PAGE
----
Office of Technology Transfer & Commercialization


Agricultural engineers develop system to prevent combine fires

Scott Forth of Onida begins the sunflower harvest. He tested a device that may hold the key to reducing, or even eliminating combine fires.

"What a nightmare," blogs one North Dakota sunflower farmer, describing fires smoldering in combine engine and ladder compartments, under the rotor belt and in front of the radiator.

"And the harvesters have 800 acres to go," he laments. This scenario illustrates the challenges sunflower producers face during harvest.

"Sunflower producers have known for a long time that they had a more severe risk of fire than producers of corn, soybeans or wheat," says professor Dan Humburg of the agricultural and biosystems engineering department.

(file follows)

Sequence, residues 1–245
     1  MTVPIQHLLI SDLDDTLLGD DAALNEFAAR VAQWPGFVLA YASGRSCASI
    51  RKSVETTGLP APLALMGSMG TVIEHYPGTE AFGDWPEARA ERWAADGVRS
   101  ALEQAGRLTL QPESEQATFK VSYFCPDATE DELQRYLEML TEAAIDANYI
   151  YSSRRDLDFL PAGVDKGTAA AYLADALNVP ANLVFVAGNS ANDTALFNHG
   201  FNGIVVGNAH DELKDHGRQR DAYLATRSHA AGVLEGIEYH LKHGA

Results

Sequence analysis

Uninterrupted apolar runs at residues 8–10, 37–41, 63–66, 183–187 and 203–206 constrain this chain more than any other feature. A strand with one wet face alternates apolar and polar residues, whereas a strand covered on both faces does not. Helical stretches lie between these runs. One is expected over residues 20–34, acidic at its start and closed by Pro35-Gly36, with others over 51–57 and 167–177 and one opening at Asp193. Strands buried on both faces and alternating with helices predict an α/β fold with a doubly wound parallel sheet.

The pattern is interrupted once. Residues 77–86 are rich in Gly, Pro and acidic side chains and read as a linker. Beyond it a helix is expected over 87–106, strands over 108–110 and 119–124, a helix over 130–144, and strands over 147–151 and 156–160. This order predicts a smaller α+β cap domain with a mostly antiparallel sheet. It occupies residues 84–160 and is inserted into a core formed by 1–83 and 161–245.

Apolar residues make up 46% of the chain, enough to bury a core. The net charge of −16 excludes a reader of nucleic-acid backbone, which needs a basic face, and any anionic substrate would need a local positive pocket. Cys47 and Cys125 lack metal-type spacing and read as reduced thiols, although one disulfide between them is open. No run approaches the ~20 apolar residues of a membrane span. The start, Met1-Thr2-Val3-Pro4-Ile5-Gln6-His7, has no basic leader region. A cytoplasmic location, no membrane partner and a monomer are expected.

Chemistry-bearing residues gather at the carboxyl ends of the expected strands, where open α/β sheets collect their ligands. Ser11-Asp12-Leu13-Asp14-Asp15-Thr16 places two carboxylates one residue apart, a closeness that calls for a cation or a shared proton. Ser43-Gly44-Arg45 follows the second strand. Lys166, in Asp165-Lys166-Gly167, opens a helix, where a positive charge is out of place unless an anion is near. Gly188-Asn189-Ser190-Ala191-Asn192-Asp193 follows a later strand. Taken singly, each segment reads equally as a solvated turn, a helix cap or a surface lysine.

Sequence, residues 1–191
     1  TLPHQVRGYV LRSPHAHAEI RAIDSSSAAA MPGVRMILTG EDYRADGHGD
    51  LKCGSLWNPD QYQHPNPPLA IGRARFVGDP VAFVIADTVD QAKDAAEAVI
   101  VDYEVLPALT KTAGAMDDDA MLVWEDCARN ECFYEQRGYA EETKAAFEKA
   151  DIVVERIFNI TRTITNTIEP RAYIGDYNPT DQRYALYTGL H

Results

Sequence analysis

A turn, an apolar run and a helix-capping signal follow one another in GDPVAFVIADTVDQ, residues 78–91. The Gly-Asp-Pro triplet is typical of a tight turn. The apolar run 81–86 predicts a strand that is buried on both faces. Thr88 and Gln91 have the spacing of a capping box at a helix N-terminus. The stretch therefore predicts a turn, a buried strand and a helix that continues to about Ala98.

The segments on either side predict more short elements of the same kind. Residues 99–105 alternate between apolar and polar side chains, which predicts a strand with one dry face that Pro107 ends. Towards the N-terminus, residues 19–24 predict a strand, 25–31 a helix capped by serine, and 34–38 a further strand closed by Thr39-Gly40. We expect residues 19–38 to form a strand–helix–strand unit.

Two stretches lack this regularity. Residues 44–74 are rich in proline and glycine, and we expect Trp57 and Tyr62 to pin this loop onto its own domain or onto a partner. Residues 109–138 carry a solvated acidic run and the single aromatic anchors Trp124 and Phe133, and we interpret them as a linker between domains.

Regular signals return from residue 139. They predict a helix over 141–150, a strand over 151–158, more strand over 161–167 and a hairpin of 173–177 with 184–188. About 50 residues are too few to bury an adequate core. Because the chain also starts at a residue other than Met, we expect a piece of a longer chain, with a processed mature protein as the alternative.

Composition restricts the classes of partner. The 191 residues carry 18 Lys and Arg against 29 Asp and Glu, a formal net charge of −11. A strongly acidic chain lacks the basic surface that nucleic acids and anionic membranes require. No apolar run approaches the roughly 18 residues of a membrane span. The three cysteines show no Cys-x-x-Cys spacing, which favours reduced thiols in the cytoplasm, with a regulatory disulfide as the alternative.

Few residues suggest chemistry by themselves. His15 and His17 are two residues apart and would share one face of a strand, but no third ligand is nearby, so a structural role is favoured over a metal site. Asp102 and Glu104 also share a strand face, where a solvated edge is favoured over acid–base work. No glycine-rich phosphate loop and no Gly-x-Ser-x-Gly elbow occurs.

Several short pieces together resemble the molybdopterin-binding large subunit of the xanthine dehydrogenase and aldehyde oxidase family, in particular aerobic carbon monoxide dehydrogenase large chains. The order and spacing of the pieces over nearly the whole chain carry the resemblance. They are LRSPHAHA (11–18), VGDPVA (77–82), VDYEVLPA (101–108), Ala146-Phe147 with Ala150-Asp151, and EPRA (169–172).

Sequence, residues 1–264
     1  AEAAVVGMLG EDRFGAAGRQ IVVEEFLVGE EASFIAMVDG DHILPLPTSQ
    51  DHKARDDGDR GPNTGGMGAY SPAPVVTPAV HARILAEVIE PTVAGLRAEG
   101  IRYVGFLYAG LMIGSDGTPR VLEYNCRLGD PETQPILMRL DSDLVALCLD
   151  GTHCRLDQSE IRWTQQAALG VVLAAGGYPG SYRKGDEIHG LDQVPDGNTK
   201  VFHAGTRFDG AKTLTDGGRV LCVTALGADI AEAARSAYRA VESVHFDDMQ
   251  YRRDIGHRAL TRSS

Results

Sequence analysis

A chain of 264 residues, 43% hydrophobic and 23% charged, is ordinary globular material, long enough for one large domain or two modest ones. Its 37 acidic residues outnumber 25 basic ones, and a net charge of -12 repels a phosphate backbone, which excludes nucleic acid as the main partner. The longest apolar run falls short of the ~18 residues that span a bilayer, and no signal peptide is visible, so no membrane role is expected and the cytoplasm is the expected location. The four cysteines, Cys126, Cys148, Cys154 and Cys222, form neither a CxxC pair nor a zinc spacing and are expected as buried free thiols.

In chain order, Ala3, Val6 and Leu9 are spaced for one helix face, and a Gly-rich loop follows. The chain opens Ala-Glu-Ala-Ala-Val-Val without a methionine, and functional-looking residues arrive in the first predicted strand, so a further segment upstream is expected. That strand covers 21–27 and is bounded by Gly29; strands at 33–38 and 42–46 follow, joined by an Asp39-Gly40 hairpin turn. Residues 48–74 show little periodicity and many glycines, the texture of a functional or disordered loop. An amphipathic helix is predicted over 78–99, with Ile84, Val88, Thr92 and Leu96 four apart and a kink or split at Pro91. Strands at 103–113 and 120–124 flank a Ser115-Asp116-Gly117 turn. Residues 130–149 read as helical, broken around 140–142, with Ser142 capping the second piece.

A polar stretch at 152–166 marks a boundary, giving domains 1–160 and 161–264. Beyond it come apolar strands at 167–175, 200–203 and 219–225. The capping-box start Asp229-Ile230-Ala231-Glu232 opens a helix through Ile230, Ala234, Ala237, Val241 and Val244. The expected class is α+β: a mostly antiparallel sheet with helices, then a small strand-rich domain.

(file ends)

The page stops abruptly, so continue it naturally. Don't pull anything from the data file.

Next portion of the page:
In the fall of 2011, a team of SDSU agricultural engineers set out to analyze the problem and figure out how to prevent the fires through funding from the South Dakota Oilseeds Council.

"It's not if they have a fire, but when," adds Kevin Dalsted, who coordinated data-gathering and input from area producers and assisted with technical and design work.

Through this project, the engineering team has designed a device which when fitted onto a combine, drastically reduces and may even eliminate these fires.